Setup 3: Using an alternative Consent Management Platform, Google Ads, Piwik Pro suites (analytics, tag manager), and Google Tag Manager.

Setup 4: You’ve implemented a different Consent Management Platform, advertising on Google Ads, using Piwik Pro suites (analytics, tag manager), and without Google Tag Manager.

Setup 5: Operating with a different Consent Management Platform, Google Ads, and only the Piwik Pro analytics suite, with or without Google Tag Manager.

If your configuration matches Setup 1, then the information in this article will be particularly relevant to you. For those using Setup 2, I recommend reviewing a separate article where I have provided a detailed solution tailored to your needs.

Unfortunately, for those using Setups 3, 4, and 5, this article will not offer specific solutions applicable to your configurations.

With this in mind, let’s take a detailed look at the changes you should make in your Piwik Pro implementation.

Here is a breakdown of the implementation process to ensure that as a marketer utilising a combination of Piwik Pro and Google Ads, your marketing strategy remains effective post-March 2024.

  • Establishing the default consent, which will initially be set to ‘denied.’
  • Next is to activate the options for conversion tracking and remarketing consent within the Piwik Pro Consent Management Platform (CMP) through the tag management suite.
  • This is followed by creating a tag integration that monitors the user’s consent choices and communicates to Google how the user data should be handled for ads.
  • Show you how to use the “Tag Priority” feature to modify tag execution within the Piwik Pro Tag Manager.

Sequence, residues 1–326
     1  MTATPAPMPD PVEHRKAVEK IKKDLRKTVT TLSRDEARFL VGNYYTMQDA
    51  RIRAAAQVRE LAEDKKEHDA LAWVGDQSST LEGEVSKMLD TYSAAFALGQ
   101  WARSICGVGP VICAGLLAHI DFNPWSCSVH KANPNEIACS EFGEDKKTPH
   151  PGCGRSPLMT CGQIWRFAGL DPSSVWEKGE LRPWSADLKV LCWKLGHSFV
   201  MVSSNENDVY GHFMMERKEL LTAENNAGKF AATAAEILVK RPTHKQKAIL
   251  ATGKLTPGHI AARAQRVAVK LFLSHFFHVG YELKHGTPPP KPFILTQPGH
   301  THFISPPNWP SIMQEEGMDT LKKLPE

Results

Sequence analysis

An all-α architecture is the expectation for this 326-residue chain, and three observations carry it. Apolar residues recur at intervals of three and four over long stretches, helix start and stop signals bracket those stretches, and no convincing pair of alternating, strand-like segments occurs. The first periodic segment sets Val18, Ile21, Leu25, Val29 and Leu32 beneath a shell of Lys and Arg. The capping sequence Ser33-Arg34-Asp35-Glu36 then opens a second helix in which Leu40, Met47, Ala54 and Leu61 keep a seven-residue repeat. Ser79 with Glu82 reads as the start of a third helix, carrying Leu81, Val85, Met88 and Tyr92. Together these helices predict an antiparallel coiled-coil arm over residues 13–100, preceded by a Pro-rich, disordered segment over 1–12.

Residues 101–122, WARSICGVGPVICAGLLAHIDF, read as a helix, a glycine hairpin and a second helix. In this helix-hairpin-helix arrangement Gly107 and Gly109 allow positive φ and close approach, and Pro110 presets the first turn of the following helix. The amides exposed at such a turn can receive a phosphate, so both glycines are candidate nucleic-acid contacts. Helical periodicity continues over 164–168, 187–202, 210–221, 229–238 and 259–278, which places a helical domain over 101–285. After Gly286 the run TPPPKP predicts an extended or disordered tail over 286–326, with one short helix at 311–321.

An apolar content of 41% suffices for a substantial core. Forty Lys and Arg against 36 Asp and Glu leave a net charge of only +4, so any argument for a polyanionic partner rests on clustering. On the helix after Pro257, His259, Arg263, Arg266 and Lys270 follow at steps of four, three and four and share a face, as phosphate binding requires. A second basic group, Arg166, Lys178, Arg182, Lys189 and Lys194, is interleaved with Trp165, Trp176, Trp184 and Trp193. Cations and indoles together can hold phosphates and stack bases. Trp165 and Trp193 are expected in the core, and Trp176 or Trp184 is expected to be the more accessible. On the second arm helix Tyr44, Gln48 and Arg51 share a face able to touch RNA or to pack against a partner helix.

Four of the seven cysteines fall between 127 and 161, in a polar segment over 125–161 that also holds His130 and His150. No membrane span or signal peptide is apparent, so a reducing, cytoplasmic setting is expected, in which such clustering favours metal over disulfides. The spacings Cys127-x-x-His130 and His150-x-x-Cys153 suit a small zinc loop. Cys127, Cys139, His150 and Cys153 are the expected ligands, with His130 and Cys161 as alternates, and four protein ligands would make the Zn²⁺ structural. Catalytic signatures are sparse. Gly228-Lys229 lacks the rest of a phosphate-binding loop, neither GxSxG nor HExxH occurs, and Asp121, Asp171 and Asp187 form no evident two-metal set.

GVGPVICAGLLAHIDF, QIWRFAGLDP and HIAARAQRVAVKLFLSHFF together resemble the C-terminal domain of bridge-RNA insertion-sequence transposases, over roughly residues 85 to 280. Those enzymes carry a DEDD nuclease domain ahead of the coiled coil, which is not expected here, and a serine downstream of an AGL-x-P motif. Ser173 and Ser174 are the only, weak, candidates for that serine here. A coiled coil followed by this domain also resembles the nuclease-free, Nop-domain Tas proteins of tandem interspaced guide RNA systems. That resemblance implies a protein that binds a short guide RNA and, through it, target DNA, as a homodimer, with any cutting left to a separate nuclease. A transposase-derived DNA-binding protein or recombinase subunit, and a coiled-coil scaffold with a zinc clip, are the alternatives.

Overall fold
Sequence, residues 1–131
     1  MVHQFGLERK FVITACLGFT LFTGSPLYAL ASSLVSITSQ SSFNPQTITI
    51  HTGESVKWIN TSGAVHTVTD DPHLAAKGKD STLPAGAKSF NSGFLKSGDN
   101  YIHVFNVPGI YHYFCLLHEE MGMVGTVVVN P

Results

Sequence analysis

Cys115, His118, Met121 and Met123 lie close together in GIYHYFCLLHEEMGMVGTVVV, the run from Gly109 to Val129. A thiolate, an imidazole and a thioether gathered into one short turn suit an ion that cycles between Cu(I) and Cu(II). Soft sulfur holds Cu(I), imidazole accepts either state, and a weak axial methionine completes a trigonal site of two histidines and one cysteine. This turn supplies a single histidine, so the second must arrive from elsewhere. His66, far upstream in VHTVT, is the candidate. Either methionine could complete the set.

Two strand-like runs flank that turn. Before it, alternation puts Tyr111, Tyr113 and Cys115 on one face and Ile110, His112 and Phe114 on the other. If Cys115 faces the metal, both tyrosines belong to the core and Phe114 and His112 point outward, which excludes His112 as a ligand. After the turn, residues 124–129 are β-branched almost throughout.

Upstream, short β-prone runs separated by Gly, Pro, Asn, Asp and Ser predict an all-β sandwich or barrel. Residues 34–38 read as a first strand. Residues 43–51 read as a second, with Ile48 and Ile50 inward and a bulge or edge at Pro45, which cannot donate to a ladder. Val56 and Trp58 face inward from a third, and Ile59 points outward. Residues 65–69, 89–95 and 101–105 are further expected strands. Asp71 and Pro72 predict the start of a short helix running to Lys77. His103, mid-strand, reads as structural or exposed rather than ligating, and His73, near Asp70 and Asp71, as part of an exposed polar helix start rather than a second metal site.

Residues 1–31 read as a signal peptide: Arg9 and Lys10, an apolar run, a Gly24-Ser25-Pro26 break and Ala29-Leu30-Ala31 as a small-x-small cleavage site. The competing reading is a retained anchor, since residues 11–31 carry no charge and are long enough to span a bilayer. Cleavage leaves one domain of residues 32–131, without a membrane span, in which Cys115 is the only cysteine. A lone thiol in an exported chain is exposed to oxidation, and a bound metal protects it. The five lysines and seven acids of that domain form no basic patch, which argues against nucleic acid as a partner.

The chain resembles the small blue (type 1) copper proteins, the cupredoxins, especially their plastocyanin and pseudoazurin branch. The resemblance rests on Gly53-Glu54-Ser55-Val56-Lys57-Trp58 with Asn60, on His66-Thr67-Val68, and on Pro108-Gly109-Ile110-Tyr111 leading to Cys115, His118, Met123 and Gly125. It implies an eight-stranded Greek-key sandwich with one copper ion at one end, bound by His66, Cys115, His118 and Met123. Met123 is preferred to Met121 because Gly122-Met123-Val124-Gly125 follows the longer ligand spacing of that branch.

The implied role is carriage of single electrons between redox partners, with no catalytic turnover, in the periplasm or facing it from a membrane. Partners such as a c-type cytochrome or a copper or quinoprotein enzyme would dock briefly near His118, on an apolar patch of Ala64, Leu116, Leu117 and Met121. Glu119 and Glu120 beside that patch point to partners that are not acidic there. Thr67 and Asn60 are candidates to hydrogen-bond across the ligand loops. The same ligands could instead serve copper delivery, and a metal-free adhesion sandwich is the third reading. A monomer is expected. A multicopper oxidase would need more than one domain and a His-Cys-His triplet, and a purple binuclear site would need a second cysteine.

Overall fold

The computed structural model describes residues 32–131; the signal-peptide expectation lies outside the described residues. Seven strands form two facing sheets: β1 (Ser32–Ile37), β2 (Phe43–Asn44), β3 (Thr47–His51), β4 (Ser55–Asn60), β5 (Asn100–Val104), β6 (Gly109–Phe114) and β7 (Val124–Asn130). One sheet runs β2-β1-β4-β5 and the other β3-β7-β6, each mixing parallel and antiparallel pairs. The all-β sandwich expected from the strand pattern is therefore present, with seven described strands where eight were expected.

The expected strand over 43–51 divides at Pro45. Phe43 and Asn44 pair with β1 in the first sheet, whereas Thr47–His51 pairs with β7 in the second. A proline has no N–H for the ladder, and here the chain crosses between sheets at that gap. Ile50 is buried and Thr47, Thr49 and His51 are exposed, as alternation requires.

• I’ll show you the necessary adjustments to be made to your Google Ads tag in the Piwik Pro tag manager.

The first thing you should do is enable the Piwik Pro consent banner on your website. I believe you’ve done this first step, as without this step, the code solution discussed is needless. You can do this by navigating to the administration view, where you can check to see if you are using the consent banner created by the Piwik Pro consent manager.

Also, check if you’re not using a “custom consent form“, as this article focuses on setup 1 for individuals utilising Google Ads and Piwik Pro suites (analytics, tag manager, and consent manager) without Google Tag Manager.

Step 1: Setting the Default Consent Storage Setting

In alignment with the standard implementation of Google Consent Mode, the default state for consent types should be configured as ‘denied.’ This setting only gets updated once the website visitor makes their consent choices or their preferences are determined.

You can achieve this by copying and adding the following code to your website, positioned above your Piwik Pro tracking code.

window.dataLayer = window.dataLayer || [];
    function gtag() { dataLayer.push(arguments); }

   gtag('consent', 'default', {
        'ad_storage': 'denied',
        'ad_user_data': 'denied',
        'ad_personalization': 'denied',
        'analytics_storage': 'denied'

gtag('set', 'url_passthrough', false);
gtag('set', 'ads_data_redaction', true);